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Individual Attitudes towards the Impact of Multinational Enterprises on Local Businesses

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  • Ayse Kaya

    ()
    (Department of Political Science, Swarthmore College)

  • James T. Walker

    ()
    (School of Management, University of Reading)

Abstract

Individual attitudes towards multinational enterprises (MNEs) remains relatively understudied compared to individual attitudes towards other dimensions of globalization, particularly trade and immigration. In order to illuminate individual attitudes towards MNEs, this paper utilizes a large cross-country dataset (2003 International Social Survey Program) to examine individual perspectives on the impact of MNEs on local businesses. The paper draws on literature that studies the economic impacts of MNEs on local businesses, such as the transfer of technology from foreign affiliates to local businesses. Based on this literature the paper tests hypotheses to analyze how individuals’ skill-level (reflected in their educational attainment and occupational group) and the sector in which they work affects their perceptions of MNEs’ impact on local businesses. Conforming to expectations from the literature, the paper finds that highly skilled individuals who are senior-level managers, legislators, and officials are less likely to think MNEs are damaging local businesses. Also, private sector employees are less likely than public sector employees to see MNEs’ impact on local businesses as negative. The paper also finds variation in these attitudes across developed countries, developing countries, and formerly communist states in Central and Eastern Europe. In order to explore non-economic determinants of individual attitudes towards MNEs, the paper additionally explores how feelings of nationalism, confidence in democracy, and attitudes towards international affairs affect individual perspectives on MNEs. The paper additionally shows that retired citizens’ previous sector of employment and occupation influences their perception of the MNEs’ impact on local businesses and that type of FDI (M&A versus Greenfield investment) influences individual attitudes towards the impact of MNEs on local businesses.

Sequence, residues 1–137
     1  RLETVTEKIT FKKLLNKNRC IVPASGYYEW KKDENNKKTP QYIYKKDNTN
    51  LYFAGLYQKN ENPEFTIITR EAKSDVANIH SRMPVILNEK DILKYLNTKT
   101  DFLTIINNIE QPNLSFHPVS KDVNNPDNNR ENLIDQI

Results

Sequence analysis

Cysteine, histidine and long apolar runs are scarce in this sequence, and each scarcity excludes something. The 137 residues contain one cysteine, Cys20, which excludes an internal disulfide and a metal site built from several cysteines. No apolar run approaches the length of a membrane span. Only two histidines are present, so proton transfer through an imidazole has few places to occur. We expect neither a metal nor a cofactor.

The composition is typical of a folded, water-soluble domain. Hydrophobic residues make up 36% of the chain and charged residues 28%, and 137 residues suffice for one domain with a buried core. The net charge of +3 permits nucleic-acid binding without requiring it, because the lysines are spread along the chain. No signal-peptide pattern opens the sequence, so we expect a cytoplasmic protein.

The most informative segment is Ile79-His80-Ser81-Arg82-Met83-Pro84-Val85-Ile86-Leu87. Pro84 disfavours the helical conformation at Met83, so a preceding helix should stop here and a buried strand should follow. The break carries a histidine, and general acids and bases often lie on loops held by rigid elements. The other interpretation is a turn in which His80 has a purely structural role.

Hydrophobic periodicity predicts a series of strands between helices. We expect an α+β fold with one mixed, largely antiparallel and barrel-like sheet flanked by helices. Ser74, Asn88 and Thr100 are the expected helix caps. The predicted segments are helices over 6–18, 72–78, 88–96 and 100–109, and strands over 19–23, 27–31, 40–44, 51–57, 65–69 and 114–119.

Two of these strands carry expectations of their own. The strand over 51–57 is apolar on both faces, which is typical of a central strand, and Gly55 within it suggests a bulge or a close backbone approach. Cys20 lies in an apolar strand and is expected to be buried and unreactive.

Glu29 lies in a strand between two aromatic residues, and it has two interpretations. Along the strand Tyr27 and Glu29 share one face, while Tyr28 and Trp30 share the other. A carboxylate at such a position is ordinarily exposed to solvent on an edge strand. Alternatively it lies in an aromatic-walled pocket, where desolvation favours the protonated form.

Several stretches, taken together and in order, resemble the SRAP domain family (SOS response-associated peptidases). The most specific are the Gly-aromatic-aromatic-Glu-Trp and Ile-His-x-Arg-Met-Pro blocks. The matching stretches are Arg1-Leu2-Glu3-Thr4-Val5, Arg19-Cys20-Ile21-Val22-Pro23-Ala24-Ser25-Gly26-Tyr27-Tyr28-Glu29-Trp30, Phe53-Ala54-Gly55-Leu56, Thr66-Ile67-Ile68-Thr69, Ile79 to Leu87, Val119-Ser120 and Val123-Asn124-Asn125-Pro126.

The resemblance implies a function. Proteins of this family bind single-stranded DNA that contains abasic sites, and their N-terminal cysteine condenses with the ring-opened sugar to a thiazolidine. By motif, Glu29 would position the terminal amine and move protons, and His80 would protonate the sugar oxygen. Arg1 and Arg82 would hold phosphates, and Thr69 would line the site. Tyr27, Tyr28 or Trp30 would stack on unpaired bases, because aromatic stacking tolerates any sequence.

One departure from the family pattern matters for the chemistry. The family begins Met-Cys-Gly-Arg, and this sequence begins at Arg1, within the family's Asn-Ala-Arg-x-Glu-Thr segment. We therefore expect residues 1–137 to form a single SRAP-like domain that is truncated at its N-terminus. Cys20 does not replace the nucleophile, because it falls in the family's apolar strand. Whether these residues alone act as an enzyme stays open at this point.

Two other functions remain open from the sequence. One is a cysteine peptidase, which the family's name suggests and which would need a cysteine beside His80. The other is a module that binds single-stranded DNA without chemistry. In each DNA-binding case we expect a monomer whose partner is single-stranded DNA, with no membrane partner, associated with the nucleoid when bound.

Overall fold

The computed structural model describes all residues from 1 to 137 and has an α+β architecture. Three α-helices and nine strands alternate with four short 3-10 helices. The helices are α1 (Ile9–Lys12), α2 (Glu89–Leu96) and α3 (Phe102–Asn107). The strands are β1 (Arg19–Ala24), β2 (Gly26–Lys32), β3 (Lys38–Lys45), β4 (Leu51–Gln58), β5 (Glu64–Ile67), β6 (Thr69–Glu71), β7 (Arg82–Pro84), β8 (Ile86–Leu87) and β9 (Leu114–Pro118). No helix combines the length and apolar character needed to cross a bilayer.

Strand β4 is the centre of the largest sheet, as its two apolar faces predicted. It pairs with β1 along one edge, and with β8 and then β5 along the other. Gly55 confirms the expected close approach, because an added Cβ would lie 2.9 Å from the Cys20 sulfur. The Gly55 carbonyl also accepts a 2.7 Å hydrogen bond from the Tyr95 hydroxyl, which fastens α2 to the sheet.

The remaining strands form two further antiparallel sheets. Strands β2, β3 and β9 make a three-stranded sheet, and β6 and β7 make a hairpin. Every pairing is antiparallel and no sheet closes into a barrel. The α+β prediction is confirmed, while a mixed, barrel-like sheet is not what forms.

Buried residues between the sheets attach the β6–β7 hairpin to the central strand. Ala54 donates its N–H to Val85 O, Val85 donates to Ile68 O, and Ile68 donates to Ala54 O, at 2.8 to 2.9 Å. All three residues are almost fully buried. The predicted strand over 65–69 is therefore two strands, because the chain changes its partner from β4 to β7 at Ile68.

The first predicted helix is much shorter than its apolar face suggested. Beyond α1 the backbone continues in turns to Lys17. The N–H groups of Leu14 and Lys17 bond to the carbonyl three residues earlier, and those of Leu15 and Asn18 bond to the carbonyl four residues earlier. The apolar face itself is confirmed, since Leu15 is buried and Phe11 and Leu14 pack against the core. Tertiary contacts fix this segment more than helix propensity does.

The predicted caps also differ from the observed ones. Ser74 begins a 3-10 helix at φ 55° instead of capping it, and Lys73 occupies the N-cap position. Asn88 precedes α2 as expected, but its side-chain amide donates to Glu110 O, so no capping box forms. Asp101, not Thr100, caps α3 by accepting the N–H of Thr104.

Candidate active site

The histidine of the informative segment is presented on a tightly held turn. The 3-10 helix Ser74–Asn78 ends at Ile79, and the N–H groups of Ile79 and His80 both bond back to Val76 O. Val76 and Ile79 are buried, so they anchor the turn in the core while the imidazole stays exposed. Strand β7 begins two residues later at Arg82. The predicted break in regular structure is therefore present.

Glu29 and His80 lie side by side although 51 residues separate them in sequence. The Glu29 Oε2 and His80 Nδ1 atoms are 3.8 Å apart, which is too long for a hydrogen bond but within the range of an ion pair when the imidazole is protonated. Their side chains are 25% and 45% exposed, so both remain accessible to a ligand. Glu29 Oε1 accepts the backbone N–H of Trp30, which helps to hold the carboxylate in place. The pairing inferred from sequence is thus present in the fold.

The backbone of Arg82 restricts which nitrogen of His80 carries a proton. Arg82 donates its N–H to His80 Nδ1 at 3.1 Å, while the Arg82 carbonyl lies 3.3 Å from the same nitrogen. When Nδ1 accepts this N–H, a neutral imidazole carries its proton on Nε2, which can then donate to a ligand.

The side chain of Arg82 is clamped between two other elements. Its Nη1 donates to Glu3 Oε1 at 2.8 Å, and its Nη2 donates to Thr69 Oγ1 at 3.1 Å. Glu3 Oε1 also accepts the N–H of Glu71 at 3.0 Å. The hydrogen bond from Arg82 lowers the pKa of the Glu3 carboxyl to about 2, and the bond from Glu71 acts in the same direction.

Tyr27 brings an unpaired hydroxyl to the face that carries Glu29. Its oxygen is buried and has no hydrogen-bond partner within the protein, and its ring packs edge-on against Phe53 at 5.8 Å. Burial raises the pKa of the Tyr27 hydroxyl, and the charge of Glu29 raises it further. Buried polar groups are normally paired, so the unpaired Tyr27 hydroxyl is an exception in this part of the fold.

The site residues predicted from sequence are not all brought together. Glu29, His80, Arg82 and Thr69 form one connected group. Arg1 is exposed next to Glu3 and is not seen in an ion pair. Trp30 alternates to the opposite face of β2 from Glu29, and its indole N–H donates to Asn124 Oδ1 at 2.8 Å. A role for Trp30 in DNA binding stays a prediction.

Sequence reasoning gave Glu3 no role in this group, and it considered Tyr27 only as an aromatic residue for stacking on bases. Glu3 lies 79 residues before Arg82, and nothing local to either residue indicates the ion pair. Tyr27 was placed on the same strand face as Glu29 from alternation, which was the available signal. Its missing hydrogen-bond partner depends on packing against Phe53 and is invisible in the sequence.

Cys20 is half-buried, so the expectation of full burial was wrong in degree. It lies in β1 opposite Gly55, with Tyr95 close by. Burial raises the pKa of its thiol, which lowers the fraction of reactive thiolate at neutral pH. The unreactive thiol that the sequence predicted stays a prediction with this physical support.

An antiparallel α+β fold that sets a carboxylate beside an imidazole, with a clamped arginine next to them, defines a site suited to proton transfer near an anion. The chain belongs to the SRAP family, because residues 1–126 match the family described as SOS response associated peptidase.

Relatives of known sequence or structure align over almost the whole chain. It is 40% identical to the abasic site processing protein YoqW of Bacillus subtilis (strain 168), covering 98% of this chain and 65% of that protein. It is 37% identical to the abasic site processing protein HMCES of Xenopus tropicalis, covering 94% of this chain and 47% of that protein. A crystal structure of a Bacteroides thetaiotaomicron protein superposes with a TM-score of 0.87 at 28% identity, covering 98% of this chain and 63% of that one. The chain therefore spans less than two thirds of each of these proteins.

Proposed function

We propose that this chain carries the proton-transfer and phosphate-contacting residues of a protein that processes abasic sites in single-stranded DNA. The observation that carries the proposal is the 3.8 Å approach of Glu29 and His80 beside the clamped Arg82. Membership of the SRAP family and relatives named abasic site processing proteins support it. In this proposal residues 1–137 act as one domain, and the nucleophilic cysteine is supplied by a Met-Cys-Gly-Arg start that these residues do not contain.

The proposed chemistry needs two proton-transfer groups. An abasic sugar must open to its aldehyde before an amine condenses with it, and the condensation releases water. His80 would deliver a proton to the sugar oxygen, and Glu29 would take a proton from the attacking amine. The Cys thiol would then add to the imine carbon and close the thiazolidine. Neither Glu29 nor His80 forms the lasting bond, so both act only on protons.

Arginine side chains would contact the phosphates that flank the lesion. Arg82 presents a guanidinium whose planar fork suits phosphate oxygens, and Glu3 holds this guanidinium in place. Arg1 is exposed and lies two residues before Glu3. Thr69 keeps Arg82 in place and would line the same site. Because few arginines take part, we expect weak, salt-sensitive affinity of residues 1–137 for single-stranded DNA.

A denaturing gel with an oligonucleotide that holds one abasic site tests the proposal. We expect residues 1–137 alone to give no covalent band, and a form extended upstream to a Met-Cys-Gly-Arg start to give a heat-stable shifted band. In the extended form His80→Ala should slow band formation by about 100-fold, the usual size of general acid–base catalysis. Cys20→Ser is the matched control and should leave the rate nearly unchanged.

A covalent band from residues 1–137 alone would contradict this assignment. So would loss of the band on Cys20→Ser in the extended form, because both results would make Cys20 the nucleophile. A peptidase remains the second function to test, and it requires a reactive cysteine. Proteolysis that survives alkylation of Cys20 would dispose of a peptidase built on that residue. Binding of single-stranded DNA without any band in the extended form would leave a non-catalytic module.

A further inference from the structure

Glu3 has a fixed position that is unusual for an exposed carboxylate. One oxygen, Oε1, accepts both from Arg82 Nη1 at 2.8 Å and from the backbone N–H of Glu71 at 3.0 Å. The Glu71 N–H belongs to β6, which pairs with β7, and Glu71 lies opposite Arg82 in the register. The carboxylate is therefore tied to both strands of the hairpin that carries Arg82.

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Bibliographic Info

Paper provided by Henley Business School, Reading University in its series Economics & Management Discussion Papers with number em-dp2009-02.

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Length: 41 pages
Date of creation: 15 Jan 2009
Date of revision:
Handle: RePEc:rdg:emxxdp:em-dp2009-02

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Cited by:
  1. Juárez Rivera Carmen Guadalupe & Ángeles Castro Gerardo, 2013. "Foreign direct investment in Mexico Determinants and its effect on income inequality," Contaduría y Administración:Revista Internacional, Accounting and Management: International Journal, vol. 58(4), pages 201-222, octubre-d.

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